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Vanity Fair Says Trump Grill ‘Could Be the Worst Restaurant in America'

The seven best lines from Tina Nguyen's “dystopian power lunch” review

Trump Tower New York

Vanity Fair just published a thorough evisceration of Trump Grill, the flagship restaurant inside President-elect Donald J. Trump’s New York City skyscraper. On Twitter, writer Tina Nguyen described the meal as a “dystopian power lunch”; that was just the tip of the critical iceberg, and the review has reignited Trump’s years-long feud with the magazine and its editor, Graydon Carter.

It’s certainly no big secret that the Trump Tower steakhouse is a terrible restaurant: Eater’s Robert Sietsema and Nick Solares sampled all the building’s dining establishments earlier this year, finding “food for timid people with digestive problems” at Trump Grill. But now that Trump’s just weeks away from being sworn in as the 45th POTUS, a cutting critique of one of his establishments carries even more weight — it’s not just a restaurant review, but a harbinger of what’s in store for the country.

Here now, the seven best lines from Vanity Fair’s review of what “could be the worst restaurant in America”:

On the attempts to make Trump Grill look like an expensive restaurant: “The restaurant features a stingy number of French-ish paintings that look as though they were bought from Home Goods. Wall-sized mirrors serve to make the place look much bigger than it actually is. The bathrooms transport diners to the experience of desperately searching for toilet paper at a Venezuelan grocery store. And like all exclusive bastions of haute cuisine, there is a sandwich board in front advertising two great prix fixe deals.”

On the service: “Our waiter, coiffed and charming, was determined to gaslight us into thinking we were having a good time. ‘Trump gets the taco bowl and the lasagna and baked ziti,’ he said, before subsequently informing the table that we could not order the lasagna or baked ziti.”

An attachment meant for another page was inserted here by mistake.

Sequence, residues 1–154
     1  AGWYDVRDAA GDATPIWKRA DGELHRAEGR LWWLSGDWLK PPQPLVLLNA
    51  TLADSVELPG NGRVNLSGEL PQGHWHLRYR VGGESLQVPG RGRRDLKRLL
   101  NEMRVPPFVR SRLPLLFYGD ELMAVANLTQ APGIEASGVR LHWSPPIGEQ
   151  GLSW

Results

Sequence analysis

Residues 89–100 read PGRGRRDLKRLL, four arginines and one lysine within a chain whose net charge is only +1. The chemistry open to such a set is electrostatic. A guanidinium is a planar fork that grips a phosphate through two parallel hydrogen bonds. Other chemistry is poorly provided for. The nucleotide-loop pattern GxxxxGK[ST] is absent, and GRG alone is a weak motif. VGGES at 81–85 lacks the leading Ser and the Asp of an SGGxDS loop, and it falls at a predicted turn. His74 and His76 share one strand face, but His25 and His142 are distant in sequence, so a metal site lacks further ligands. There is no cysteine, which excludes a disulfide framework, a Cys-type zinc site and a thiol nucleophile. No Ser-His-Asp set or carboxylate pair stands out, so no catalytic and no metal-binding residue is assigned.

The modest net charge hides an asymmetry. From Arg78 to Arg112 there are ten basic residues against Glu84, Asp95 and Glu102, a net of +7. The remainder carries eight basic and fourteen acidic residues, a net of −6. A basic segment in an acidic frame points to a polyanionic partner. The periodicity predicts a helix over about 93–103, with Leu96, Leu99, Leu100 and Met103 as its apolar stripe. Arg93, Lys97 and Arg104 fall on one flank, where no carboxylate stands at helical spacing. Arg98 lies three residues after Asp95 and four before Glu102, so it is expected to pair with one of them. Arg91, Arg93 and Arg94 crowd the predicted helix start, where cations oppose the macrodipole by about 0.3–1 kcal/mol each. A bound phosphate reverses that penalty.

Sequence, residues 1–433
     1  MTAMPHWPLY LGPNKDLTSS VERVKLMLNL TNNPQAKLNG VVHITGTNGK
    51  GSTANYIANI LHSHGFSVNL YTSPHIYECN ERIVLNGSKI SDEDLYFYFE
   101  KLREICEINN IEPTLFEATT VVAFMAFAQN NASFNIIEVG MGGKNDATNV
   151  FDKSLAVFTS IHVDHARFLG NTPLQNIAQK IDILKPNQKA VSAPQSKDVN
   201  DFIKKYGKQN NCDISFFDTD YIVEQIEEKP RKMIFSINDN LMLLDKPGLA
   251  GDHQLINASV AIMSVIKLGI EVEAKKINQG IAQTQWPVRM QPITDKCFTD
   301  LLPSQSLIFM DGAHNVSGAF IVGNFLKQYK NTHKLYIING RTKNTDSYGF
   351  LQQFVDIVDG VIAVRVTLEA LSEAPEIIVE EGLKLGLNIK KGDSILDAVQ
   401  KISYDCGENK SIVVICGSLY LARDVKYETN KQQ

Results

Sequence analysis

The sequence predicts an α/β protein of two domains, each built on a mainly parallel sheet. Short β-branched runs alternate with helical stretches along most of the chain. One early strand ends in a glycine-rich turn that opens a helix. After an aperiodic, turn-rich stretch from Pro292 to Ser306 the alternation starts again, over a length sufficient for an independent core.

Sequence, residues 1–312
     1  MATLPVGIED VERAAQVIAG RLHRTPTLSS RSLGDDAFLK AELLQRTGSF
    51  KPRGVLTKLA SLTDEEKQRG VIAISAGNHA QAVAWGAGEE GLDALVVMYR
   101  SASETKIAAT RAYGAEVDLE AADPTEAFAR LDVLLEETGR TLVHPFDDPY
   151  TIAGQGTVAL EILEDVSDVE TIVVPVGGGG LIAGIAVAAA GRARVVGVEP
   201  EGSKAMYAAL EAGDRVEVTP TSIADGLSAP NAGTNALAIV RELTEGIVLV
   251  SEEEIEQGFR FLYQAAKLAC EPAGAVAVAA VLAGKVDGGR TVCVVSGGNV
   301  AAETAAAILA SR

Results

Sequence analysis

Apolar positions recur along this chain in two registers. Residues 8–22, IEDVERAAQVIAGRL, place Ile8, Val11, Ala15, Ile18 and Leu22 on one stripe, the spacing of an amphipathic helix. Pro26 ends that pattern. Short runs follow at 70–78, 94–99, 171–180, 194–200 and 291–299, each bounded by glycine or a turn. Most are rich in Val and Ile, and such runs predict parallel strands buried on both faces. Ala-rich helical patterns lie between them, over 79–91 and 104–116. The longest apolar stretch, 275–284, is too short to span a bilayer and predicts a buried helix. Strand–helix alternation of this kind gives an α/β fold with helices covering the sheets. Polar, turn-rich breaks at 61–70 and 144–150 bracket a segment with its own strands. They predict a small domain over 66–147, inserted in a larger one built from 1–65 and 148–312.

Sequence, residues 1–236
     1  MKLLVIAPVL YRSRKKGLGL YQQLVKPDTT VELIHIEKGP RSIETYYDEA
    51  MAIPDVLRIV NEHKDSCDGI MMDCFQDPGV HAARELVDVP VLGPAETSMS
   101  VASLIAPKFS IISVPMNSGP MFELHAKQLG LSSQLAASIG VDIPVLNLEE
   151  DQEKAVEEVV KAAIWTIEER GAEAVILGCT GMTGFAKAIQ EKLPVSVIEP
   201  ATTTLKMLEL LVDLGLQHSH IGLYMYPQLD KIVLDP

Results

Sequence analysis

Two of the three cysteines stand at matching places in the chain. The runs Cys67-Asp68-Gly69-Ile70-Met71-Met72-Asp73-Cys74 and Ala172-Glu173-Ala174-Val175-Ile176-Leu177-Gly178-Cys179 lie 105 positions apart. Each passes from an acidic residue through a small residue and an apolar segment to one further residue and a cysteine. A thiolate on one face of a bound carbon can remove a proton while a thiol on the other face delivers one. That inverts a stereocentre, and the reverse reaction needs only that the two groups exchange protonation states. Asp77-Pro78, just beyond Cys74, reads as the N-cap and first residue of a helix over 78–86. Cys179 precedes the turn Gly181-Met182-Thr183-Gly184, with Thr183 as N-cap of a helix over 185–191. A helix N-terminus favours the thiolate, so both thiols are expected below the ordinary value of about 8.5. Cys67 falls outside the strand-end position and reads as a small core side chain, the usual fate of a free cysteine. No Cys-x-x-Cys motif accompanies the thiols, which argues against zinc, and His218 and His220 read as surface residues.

On the staff’s strange ‘talking points’: “I asked the waiter what Trump’s children eat. He didn’t seem to understand the question, or, like Marco Rubio, appeared unable to depart from his prescribed talking points. ‘Oh, I’ve shaken hands with him before, and they’re pretty normal-sized hands,’ he responded.”

On the sad filet mignon: “The plate must have tilted during its journey from the kitchen to the table, as the steak slumped to the side over the potatoes like a dead body inside a T-boned minivan.”

On the cheeseburger: “If the cheeseburger is a quintessential part of America’s identity, Trump’s pledge to ‘make America great again’ suddenly appeared not very promising. (Presumably, Trump’s Great America tastes like an M.S.G.-flavored kitchen sponge lodged between two other sponges.)”

On the infamous taco bowl: “The fried shell, meant for one, contained a party-sized amount of lettuce and ground beef suspended in sour cream and ‘Dago’s famous guacamole’, which NASA might have served in a tube labeled ‘TACO FILLING’ in the early days of the space program.”

On the cocktails: “Trump himself does not drink alcohol, a possible explanation for why the cocktails seemed to be concocted by a college freshman experimenting in their dorm room.”

Naturally, Trump tweeted out his own thinly-veiled thoughts on the review early this morning:

Trump Grill Could Be The Worst Restaurant in America [Vanity Fair]
Donald Trump’s Restaurant Feud With Vanity Fair Goes Way, Way Back [E]
Diving Head First Into Donald Trump’s Culinary Abyss [E]


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